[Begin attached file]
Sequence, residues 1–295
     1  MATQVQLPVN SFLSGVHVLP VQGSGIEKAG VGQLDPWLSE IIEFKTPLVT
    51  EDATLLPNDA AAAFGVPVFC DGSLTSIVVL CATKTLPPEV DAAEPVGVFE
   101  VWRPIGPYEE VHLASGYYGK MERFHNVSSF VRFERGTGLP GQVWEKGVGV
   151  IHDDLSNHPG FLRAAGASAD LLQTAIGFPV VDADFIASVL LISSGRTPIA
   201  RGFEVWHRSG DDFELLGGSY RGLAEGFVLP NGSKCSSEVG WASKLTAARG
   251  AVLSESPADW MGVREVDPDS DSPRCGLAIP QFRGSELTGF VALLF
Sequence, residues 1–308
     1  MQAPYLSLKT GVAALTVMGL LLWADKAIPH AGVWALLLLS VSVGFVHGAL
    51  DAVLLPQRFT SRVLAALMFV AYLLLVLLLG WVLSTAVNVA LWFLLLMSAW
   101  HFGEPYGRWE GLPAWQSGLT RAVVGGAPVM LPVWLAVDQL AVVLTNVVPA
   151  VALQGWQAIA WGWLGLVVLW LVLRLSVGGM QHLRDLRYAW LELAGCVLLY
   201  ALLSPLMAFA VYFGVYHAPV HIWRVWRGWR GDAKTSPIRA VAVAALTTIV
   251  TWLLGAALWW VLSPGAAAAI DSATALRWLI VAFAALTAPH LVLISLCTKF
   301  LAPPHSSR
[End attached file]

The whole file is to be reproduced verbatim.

Sequence, residues 1–295
     1  MATQVQLPVN SFLSGVHVLP VQGSGIEKAG VGQLDPWLSE IIEFKTPLVT
    51  EDATLLPNDA AAAFGVPVFC DGSLTSIVVL CATKTLPPEV DAAEPVGVFE
   101  VWRPIGPYEE VHLASGYYGK MERFHNVSSF VRFERGTGLP GQVWEKGVGV
   151  IHDDLSNHPG FLRAAGASAD LLQTAIGFPV VDADFIASVL LISSGRTPIA
   201  RGFEVWHRSG DDFELLGGSY RGLAEGFVLP NGSKCSSEVG WASKLTAARG
   251  AVLSESPADW MGVREVDPDS DSPRCGLAIP QFRGSELTGF VALLF
Sequence, residues 1–308
     1  MQAPYLSLKT GVAALTVMGL LLWADKAIPH AGVWALLLLS VSVGFVHGAL
    51  DAVLLPQRFT SRVLAALMFV AYLLLVLLLG WVLSTAVNVA LWFLLLMSAW
   101  HFGEPYGRWE GLPAWQSGLT RAVVGGAPVM LPVWLAVDQL AVVLTNVVPA
   151  VALQGWQAIA WGWLGLVVLW LVLRLSVGGM QHLRDLRYAW LELAGCVLLY
   201  ALLSPLMAFA VYFGVYHAPV HIWRVWRGWR GDAKTSPIRA VAVAALTTIV
   251  TWLLGAALWW VLSPGAAAAI DSATALRWLI VAFAALTAPH LVLISLCTKF
   301  LAPPHSSR